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Scrolling to Cross-browser Ranges

One thing I wanted to add to my bililiteRange was the ability to scroll the range into view without changing the selection. As with all things having to do with ranges, there's no consistent way to do it, and Internet Explorer does it best (this is the only time you'll hear me say that).

For IE, the TextRange object supports scrollIntoView, so all you need to do is:

range.scrollIntoView()

and you're done.

In bililiteRange I don't actually use this, since scrollIntoView() scrolls to the top of the screen no matter what, and I want to only scroll if the range isn't already visible. To do that, I need to set the scrollTop of the element appropriately; the formula is:

var top = range.boundingTop - element.offsetTop + 2*element.scrollTop;

The double adding element.scrollTop is a documented IE bug. Then we can test to scroll if needed:

if (element.scrollTop > top || element.scrollTop+element.clientHeight < top){
  element.scrollTop = top;
}

Standards-based browsers use Range objects, and they have no scrollIntoView. But we can create a dummy element, insert it into the range, and scroll to that:


// Note: don't do this! It messes up the selection
var span = document.createElement('span');
range.insertNode(span);
span.scrollIntoView();
span.parentNode.removeChild(span);

Edit 2014-01-09: It turns out that there's odd behavior with the selection if you modify the DOM. While the above approach is simple if that's not a problem, the right way is with (where element is the parent element that does the scrolling):

var top = range.getBoundingClientRect().top - element.offsetTop + element.scrollTop;

And set element.scrollTop if necessary, as above.

If the range is empty, you have to temporarily insert some text to make it have a clientRect, os the actual code is:

if (range.toString() == ''){
	var textnode = this._doc.createTextNode('X');
	rng.insertNode (textnode);
}
var top = range.getBoundingClientRect().top - element.offsetTop + element.scrollTop;
if (textnode) textnode.parentNode.removeChild(textnode);

This method fails, unfortunately, if the parent element is absolutely positioned. As of 2014-01-13, I use an easier method that creates a dummy range at the beginning of the element and subtract its getBoundingClientRect().top from that of the target range. See the bililiteRange source for IERange.prototype._nativeTop() and W3CRange.prototype._nativeTop() for details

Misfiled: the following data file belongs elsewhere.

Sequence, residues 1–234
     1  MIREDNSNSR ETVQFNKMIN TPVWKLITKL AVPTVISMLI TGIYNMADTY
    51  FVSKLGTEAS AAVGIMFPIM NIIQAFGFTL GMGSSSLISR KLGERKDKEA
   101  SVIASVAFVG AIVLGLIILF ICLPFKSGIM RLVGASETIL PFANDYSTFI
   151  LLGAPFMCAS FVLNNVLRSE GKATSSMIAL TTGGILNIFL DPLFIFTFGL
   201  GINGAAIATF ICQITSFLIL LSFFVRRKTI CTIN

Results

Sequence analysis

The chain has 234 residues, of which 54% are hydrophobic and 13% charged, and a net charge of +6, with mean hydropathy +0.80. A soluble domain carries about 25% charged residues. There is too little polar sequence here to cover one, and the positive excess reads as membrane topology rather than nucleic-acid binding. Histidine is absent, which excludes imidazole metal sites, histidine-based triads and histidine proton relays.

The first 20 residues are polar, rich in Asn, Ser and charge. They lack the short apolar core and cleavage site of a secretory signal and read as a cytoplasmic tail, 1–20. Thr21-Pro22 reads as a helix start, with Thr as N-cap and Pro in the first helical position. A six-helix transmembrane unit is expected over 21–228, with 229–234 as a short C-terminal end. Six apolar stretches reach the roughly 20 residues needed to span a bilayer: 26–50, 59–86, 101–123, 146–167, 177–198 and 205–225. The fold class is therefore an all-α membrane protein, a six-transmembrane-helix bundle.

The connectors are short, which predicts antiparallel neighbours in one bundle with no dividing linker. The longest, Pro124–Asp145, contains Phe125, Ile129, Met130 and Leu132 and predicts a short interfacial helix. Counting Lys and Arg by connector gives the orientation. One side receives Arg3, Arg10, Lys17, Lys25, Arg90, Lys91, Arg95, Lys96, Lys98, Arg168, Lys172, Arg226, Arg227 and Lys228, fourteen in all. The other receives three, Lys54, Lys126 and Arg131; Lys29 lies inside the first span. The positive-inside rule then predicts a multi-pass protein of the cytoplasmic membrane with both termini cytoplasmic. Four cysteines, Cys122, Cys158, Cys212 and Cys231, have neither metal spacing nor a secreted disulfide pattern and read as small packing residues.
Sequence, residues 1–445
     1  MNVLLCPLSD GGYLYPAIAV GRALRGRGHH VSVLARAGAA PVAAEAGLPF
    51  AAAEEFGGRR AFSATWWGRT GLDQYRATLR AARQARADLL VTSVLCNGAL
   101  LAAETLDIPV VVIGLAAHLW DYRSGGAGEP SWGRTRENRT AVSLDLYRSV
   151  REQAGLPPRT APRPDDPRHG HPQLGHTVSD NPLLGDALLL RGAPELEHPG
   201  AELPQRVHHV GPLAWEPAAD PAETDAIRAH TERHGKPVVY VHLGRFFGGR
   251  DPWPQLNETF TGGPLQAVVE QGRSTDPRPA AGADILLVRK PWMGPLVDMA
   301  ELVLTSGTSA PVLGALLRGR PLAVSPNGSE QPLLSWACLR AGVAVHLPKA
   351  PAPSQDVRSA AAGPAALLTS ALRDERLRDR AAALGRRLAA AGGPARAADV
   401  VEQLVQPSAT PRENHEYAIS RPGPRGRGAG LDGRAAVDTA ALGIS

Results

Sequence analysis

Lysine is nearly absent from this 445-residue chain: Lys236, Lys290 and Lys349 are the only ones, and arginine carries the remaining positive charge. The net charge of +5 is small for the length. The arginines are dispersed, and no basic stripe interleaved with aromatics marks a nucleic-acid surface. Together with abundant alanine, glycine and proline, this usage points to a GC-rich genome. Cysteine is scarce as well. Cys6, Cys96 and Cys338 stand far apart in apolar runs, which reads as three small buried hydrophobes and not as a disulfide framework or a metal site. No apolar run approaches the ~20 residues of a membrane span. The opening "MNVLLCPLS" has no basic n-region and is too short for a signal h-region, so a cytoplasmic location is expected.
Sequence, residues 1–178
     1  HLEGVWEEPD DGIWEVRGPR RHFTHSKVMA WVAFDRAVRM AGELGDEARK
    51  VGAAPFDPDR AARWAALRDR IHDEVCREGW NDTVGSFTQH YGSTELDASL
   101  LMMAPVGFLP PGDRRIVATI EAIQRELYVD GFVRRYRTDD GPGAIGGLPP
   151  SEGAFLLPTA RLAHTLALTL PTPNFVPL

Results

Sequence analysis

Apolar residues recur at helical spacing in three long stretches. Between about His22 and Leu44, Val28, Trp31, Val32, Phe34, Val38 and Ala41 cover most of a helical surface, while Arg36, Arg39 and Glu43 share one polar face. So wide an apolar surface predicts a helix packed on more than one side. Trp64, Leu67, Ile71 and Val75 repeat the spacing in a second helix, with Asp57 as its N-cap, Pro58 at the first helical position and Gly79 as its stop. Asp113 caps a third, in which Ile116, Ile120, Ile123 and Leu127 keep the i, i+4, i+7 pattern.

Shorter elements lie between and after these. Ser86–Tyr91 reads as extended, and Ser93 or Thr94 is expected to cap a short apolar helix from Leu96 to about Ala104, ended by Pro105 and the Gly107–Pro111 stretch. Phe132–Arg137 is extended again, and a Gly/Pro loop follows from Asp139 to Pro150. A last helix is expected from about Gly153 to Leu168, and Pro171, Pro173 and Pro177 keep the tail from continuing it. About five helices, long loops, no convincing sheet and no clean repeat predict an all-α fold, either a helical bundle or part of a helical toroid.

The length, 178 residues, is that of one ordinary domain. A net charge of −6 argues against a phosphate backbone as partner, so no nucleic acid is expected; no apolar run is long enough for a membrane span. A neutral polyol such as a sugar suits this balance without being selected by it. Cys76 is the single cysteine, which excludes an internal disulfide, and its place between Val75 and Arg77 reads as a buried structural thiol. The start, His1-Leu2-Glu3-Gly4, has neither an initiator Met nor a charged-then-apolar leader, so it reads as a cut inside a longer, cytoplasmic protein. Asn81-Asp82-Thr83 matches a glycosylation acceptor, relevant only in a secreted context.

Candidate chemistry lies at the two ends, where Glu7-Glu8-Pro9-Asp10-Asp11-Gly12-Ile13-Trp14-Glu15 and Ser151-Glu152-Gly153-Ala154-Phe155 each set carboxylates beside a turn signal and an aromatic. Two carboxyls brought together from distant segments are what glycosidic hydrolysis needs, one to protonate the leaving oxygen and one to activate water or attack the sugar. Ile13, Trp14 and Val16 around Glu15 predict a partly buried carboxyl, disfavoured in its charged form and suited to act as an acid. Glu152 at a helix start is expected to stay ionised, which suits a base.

But the hardest part is scrolling a <textarea>. There's no good way to scroll to a selection in a text area, and there's no equivalent of getBoundingClientRect so we can use scrollTop to scroll to the right place. I don't know where I found this clever hack, but it solves that problem: scrollHeight gives the total height of the text in a <textarea> if it overflows, so we can set the height to 1px (forcing the overflow), truncate the value to the text before the range we care about, and measure scrollHeight. This will be the bottom of the beginning of the range, in pixels from the top of the <textarea>. We want the top of the range, so subtract the line height (which we get as the scrollHeight of a one-line <textarea>):

var style = getComputedStyle(textareaElement);
var oldheight = style.height;
var oldval = textareaElement.value;
textareaElement.style.height = '1px';
textareaElement.value = oldval.slice(0, rangeStart);
var top = textareaElement.scrollHeight;
textareaElement.value = 'X';
top -= textareaElement.scrollHeight;
textareaElement.style.height = oldheight; // restore the element before anyone notices. May have a brief flash
textareaElement.value = oldval;
// scroll into position if necessary as above
if (textareaElement.scrollTop > top || textareaElement.scrollTop+textareaElement.clientHeight < top){
	textareaElement.scrollTop = top;
}

Now the <textarea> is scrolled correctly.

But we may still want to make sure that the element itself is scrolled into view. We can't just use scrollIntoView straight, since that shows the top of the element, and the range may be at the bottom. In bililiteRange I don't worry about that (bililiteRange.scrollIntoView() only scrolls within the element). If you want to take care of that, create a dummy element as above, absolutely position it at the desired location, and scroll to that:

// get the position as in jQuery.offset
var rect = textareaElement.getBoundingClientRect();
rect.top += window.pageYOffset - document.documentElement.clientTop;
rect.left += window.pageXOffset - document.documentElement.clientLeft;
 // create an element to scroll to
var div = document.createElement('div');
div.style.position = 'absolute';
div.style.top = (rect.top+top-textareaElement.scrollTop)+'px'; // adjust for how far in the range is; it may not have scrolled all the way to the top
div.style.left = rect.left+'px';
div.innerHTML = '&nbsp;'; // scrollIntoViewIfNeeded won't scroll if there's no content (it's not needed!)
document.body.appendChild(div);
div.scrollIntoViewIfNeeded ? div.scrollIntoViewIfNeeded() : div.scrollIntoView();
div.parentNode.removeChild(div);

For <textarea>s you may also want to save the original selection with selectionStart and selectionEnd and restore it with setSelectionRange, since it will change when the text is truncated. In bililiteRange I create a dummy element that is a clone of the original, so the selection doesn't change.

And this ugly mess seems to work correctly. Hope some of this analysis is useful to someone.

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  1. […] Hacking at 0300 : Scrolling to Cross-browser Ranges | February 13, 2013 at 5:54 pm | Permalink […]

  2. […] it turns out adding and removing elements messes up the selection. So I had to change it to manipulate scrollTop […]

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